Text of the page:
By Tom Ballard, Director of Innovation and Entrepreneurial Initiatives, Pershing Yoakley & Associates, P.C.
Knoxville’s only locally-based angel fund is planning a celebration later today.
The event, billed as an “informal open house,” will celebrate the first anniversary of The Lighthouse Fund and its inaugural investment in a Knoxville company.
“We formed the legal entity a year ago and made our first investment in DataFlyte Inc. in September,” said Geoff Robson, President of the fund. The tagline for the start-up in which The Lighthouse Fund has invested is “meter reading at the speed of flight,” a clever way to describe the service that it provides.
As Robson explained, DataFlyte uses a small airplane that expedites what has been a time-consuming process of reading utility meters into a several hour event. In the case of the start-up’s inaugural client, it takes one hour and 38 minutes to collect readings from 25,000 individual customers. Existing technologies rely of vehicles driven through a utility’s service area. Their data capture rates average about 500 customers in a normal eight-hour day.
“This was a good fit for us,” Robson said of the DataFlyte opportunity.
The Lighthouse Fund led the $600,000 syndicated deal, bringing in two Chattanooga funds – Blank Slate Ventures and the Chattanooga Renaissance Fund – as well as four individual investors from the Scenic City.
“This is an example of how we will lead deals,” Robson said. Leveraging relationships with other funds and individuals provides a number of advantages for Lighthouse.
“It brings us into a broader footprint and a higher quality deal flow,” he explained. “It also builds connections with people with specific industry expertise.”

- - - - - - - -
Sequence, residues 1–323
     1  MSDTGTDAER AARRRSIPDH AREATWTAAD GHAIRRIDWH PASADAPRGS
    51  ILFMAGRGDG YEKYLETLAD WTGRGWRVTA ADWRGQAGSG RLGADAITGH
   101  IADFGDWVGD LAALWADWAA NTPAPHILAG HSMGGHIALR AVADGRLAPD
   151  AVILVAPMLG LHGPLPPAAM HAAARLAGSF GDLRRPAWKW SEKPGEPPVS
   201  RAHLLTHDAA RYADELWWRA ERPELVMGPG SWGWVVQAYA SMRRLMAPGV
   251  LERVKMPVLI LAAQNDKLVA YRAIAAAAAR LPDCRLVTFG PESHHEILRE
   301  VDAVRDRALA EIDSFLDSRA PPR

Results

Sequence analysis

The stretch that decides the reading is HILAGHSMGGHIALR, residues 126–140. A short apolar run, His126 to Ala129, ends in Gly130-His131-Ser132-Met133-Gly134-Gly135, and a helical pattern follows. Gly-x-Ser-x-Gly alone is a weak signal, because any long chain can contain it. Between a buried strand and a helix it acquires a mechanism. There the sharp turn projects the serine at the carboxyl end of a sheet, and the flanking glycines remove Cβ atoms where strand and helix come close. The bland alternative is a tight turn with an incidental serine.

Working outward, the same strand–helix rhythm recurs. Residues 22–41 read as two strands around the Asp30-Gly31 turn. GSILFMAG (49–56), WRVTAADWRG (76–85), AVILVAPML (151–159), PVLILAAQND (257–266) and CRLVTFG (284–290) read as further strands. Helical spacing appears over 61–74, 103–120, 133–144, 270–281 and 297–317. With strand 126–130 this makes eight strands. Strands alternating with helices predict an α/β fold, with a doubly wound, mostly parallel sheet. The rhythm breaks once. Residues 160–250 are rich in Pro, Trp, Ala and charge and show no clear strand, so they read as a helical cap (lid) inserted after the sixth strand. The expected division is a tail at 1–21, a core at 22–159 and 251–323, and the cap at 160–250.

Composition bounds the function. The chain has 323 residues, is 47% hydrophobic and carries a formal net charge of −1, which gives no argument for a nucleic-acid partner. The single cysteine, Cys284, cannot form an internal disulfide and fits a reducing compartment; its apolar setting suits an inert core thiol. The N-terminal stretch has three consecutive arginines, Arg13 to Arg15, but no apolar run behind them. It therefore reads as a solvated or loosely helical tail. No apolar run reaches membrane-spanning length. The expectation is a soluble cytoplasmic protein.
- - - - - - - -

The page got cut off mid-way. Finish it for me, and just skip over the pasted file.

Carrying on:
About 20 people have invested a minimum of $50,000 each in Lighthouse thus far, but there are opportunities for others to join.
“We want to try to do 10 to 12 deals with the existing fund,” Robson said, adding the focus will be on early stage “post-revenue or close to revenue” start-ups.
He expects about 75 percent of the investments are likely to be focused in one of four areas – software, healthcare services and IT, imaging, or instruments and controls.
“The (management) team is critically important,” Robson says in describing the characteristics of a successful applicant for funding. “We also want to see a large market opportunity and a well-defined solution to a market problem.”
In addition to Robson, other key players in The Lighthouse Fund are John Morris, who is a Co-Founder and also Secretary of the Limited Liability Corporation, and a core group of investors that includes Roger Kiger, Joe Matteo, Jeff Peters, and Nadeem Siddiqi.
We asked Kiger his reasons for being so active.
“I could not do now what I did 10 years ago in raising money,” the successful businessman said. Kiger and his brother own several marinas, and he also owns a wealth management firm.
“There is a fundamental need to help businesses get started,” he explained, adding that The Lighthouse Fund process also helps de-risk the investments. “Finding a way to solve both problems is a good thing.”
Robson says that The Lighthouse Fund has built a process that allows each of its investors to be as active as they want to be.
Because it is a fund rather than a network, investment decisions are made on a majority vote of the members. At the same time, individual members can also make separate sidecar investments on their own.
TOMORROW: The first of a two-part series about DataFlyte.